Whether you're new to cross stitching, or have been stitching for sometime, choosing the right fabric to stitch onto can seem daunting. So here's a quick guide to the differences:
SIMPLE GUIDE TO CROSS STITCH FABRICS
Generally there are three main options to choose from: Aida, Evenweave and Linen.
Aida fabric is the most popular fabric for cross stitching, and chances are you've used this before. It's the fabric used in most starter kits as it's the easiest to see and stitch onto.
It's made from blocks of threads woven together evenly to create holes which create a clearly defined grid so it's much easier to keep track of where your needle needs to go. Personally I find it the sturdiest of the three fabrics, so you don't need to be precious with it at all.
When people talk of the count, they are referring to how many 'blocks' (which you stitch with a cross) the holes create per inch. A 14 count Aida just means that you will get 14 stitches each inch of fabric.
The higher the count, the smaller your design will look.
Here's an example of both 14 and 18 count with the same design:
Next up is Evenweave. This is a fabric which is made up from the same number of threads per inch woven in both directions (ie horizontally and vertically) and each strand/thread is the same thickness as the next. Hence the 'even' weave.
Generally, when stitching on Evenweave you don't stitch in 'blocks' as with the Aida. Instead you stitch over two threads, so you basically stitch every other hole. This can feel a little trickier to start with, but you soon get used to it.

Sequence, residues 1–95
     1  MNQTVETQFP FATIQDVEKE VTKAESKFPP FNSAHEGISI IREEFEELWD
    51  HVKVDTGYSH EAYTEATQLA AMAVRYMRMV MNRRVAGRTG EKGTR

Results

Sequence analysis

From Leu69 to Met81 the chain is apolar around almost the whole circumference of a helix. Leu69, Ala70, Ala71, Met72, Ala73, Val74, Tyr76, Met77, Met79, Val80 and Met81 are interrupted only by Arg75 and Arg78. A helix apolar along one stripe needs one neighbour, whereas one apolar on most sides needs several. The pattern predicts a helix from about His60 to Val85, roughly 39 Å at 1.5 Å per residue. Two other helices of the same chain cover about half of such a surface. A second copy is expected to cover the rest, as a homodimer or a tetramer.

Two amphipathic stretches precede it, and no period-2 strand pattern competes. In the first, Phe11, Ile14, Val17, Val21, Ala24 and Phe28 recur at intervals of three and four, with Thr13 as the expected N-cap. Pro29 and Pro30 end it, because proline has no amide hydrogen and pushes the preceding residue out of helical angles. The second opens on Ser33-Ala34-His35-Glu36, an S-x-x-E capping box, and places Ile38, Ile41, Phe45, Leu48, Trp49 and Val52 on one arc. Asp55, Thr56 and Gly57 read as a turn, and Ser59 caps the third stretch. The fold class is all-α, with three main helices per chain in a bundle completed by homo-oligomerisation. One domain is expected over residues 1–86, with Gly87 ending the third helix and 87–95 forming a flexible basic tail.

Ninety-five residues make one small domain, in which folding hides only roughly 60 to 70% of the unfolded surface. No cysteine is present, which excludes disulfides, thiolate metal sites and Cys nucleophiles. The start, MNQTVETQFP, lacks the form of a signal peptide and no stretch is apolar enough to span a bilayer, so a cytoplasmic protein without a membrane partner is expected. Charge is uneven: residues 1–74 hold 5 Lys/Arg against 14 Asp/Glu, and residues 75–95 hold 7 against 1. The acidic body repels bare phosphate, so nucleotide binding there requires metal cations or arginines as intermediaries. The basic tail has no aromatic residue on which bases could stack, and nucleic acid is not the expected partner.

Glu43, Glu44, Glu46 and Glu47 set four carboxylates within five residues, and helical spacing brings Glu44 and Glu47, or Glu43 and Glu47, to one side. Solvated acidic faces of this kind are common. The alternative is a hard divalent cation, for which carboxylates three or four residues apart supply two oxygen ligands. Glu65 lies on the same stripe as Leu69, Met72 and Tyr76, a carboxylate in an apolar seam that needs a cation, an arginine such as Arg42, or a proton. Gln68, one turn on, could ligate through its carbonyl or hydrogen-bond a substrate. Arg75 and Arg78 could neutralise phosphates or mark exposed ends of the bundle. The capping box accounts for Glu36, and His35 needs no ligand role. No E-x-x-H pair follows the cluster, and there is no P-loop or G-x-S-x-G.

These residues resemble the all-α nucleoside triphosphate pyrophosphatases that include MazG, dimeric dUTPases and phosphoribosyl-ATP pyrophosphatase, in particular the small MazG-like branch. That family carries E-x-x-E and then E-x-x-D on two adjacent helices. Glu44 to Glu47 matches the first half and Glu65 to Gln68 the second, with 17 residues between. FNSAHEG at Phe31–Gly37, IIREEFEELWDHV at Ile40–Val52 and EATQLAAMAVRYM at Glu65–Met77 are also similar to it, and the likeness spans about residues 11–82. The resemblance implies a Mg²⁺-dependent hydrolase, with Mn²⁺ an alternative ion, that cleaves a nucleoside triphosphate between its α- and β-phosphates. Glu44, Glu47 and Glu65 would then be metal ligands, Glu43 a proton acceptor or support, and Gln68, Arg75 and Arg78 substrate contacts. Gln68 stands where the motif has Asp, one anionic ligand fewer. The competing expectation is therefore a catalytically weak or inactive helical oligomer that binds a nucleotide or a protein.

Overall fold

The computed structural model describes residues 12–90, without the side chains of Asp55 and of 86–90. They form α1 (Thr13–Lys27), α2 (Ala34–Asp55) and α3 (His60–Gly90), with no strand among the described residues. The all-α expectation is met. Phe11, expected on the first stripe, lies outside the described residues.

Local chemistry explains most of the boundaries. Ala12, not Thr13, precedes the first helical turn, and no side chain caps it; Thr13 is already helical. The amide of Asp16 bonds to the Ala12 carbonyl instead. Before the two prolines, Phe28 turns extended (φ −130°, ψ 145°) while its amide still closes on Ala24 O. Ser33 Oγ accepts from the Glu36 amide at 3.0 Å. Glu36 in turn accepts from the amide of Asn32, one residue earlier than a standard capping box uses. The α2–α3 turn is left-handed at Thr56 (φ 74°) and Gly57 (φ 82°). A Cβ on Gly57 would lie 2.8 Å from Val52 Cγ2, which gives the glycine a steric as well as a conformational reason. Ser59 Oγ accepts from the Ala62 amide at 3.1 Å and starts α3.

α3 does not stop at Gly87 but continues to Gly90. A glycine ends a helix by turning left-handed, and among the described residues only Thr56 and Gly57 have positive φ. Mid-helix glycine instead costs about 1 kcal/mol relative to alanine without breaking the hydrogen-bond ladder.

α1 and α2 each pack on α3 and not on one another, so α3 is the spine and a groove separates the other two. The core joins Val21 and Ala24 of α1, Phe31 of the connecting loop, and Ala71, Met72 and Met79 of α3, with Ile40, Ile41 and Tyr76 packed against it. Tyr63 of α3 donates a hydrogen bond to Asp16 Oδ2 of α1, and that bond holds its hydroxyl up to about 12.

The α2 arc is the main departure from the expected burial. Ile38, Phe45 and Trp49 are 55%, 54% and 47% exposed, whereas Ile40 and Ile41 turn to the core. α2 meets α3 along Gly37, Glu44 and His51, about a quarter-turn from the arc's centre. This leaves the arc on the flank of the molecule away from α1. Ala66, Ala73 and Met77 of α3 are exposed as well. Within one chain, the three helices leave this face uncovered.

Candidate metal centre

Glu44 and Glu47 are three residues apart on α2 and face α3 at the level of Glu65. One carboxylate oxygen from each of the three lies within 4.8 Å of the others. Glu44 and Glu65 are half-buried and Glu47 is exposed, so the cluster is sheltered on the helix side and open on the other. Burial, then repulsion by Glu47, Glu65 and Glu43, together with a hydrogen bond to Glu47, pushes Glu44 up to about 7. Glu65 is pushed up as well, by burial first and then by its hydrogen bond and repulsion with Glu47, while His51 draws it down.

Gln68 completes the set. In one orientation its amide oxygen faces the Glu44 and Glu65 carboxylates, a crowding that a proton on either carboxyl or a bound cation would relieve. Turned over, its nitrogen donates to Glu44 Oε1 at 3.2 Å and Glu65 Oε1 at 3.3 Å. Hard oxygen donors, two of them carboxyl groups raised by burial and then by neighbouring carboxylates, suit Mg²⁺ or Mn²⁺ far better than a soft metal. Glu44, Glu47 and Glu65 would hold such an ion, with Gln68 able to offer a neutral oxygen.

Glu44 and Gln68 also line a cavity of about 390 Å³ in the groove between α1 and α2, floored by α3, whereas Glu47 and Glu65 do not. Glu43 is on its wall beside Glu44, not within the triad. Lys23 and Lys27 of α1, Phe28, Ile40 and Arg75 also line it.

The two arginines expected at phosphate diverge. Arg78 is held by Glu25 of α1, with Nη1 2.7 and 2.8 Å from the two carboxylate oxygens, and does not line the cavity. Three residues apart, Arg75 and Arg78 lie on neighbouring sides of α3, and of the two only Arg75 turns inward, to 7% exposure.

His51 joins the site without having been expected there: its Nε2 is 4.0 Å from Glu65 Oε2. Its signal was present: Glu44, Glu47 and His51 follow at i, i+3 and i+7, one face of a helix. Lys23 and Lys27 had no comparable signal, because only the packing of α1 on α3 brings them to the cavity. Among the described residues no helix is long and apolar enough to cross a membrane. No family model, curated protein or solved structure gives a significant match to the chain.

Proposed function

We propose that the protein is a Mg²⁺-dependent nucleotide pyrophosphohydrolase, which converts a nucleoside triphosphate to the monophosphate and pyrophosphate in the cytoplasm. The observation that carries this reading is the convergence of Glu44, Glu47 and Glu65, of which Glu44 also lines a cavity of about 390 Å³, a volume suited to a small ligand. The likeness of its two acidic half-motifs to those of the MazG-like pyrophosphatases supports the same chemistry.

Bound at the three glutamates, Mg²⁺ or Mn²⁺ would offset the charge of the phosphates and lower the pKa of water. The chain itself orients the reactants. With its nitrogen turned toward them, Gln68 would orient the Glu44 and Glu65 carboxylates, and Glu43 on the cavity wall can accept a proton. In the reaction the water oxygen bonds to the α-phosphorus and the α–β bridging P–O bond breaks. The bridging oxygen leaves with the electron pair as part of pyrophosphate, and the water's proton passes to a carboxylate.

Because of the 'miss a hole and stitch into the next one' approach, the count seems much higher then with Aida but don't worry too much.
A 28ct Evenweave, uses the same amount of stitches as a 14ct Aida as you only stitch half the holes, and the stitches should look the same size (see below).
If you're using a pattern that has a lot of stitches, or you want to make a fine and detailed design then you get the option of Evenweave could be for tyou
Because of the woven nature of Evenweave, I find it often a finer and softer as a fabric in the whole then Aida, so that can be something to think about when planning a projects end use.
Finally there's Linen. It's pretty similar to all that's been said about Evenweave, however, the threads that are woven together to make the fabric are are made up of different thicknesses.
This means the end 'grid' may not end up perfectly even, vertically or horizontally. This makes it the most trickiest to stitch, but gives it a great vintage and detailed look.
Most of my our kits come with either 14ct Aida or 28ct Evenweave. In the future, there are new designs coming out with the option of 18 count Aida.